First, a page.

November 28: Alarm bells ringing over NHS troubles on Hunt’s watch

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From: Mr E Grainger, Botany Way, Nunthorpe.

THOSE of us who cherish our NHS have watched with some alarm the near meltdown in two aspects of the care of the young, sick and elderly by a service stretched to almost breaking point.

The open letter by East Yorkshire GPs to two MPs concerning the crisis faced by practices that could see many operating without a family doctor, suggests that patient care could either diminish or disappear altogether unless Health Secretary Jeremy Hunt acts now (The Yorkshire Post, November 20).

On top of all the stated concerns of the GPs who signed the letter comes the crisis in our hospitals caused by the unprecedented demands placed upon our junior hospital doctors who face long hours, low morale and a level of public expectation that is severely undermining their ability to offer the level of medical care that in the past we took all too much for granted.

Both the GPs and the junior hospital doctors deserve to be listened to, especially the latter, who resort to demonstrations in our cities and the threat of strike action to draw attention to their grievances must surely sound the alarm bells. A rescue act by Mr Hunt must surely be his top priority to save our NHS from bleeding to death.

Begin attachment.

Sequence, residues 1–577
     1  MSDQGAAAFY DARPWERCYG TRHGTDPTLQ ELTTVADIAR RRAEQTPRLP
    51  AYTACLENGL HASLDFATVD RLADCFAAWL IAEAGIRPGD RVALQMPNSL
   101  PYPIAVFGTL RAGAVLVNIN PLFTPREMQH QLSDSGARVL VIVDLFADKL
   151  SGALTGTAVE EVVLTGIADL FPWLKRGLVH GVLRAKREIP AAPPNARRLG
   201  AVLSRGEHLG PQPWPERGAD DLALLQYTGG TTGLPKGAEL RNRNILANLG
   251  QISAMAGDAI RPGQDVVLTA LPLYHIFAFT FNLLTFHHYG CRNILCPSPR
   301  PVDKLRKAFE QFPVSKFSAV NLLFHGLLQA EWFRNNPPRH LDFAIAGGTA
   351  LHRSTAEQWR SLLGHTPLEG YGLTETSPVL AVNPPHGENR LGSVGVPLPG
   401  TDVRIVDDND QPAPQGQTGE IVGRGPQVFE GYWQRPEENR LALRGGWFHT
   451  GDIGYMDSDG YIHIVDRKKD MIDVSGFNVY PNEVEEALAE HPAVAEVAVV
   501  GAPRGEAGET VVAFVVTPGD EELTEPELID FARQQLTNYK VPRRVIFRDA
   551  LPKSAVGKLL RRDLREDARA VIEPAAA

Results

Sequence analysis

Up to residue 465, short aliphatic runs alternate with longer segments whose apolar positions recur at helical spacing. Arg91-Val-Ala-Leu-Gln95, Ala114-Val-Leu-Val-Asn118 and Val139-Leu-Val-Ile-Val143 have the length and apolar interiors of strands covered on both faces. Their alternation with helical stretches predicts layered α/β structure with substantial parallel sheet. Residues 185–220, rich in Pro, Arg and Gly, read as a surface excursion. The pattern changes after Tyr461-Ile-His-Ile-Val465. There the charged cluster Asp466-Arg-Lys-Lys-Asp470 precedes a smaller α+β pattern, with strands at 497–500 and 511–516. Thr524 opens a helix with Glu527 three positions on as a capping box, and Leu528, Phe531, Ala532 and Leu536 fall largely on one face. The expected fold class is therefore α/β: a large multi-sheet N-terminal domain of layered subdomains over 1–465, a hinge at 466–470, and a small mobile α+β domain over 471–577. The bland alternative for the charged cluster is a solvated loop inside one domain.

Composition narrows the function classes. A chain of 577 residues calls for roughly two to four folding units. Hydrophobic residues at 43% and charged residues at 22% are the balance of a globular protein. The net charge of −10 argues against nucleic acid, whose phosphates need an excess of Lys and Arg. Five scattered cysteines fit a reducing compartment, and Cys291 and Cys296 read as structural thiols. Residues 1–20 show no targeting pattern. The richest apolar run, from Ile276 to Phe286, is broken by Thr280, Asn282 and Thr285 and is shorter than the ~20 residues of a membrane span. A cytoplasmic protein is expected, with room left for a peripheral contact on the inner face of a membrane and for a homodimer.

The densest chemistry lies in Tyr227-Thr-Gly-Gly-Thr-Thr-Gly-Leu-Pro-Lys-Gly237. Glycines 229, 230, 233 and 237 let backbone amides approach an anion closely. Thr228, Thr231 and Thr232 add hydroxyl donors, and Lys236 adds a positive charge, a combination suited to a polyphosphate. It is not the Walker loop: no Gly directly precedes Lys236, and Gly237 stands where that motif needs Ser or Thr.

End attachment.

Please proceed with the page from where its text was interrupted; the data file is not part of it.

From: Geoffrey North, Guiseley, Leeds.

I THOROUGHLY support the efforts of Morley MP Andrea Jenkyns who has written (The Yorkshire Post, November 24) about hand hygiene. It doesn’t just apply to children and medical staff – it applies to everyone and especially those who work in catering.

I watch with dismay cookery programmes on television like MasterChef in which the contestants put food on to plates with their fingers when it would just as easy to use kitchen utensils or even wear surgical gloves. Goodness knows what chefs do behind the scenes in restaurants. Perhaps it is better not to know!

From: AW Clarke, Wold Croft, Sutton on Derwent.

DO other readers, particularly the elderly, share with me irritation that pictures of frail older people are always shown by the BBC to illustrate reports about the NHS and its finances?

Pensioners are not responsible for growing old and should not be constantly reminded that it would be cheaper if they left the scene. Perhaps we could have a film of drunken young people who are an unnecessary expense to A&E every weekend?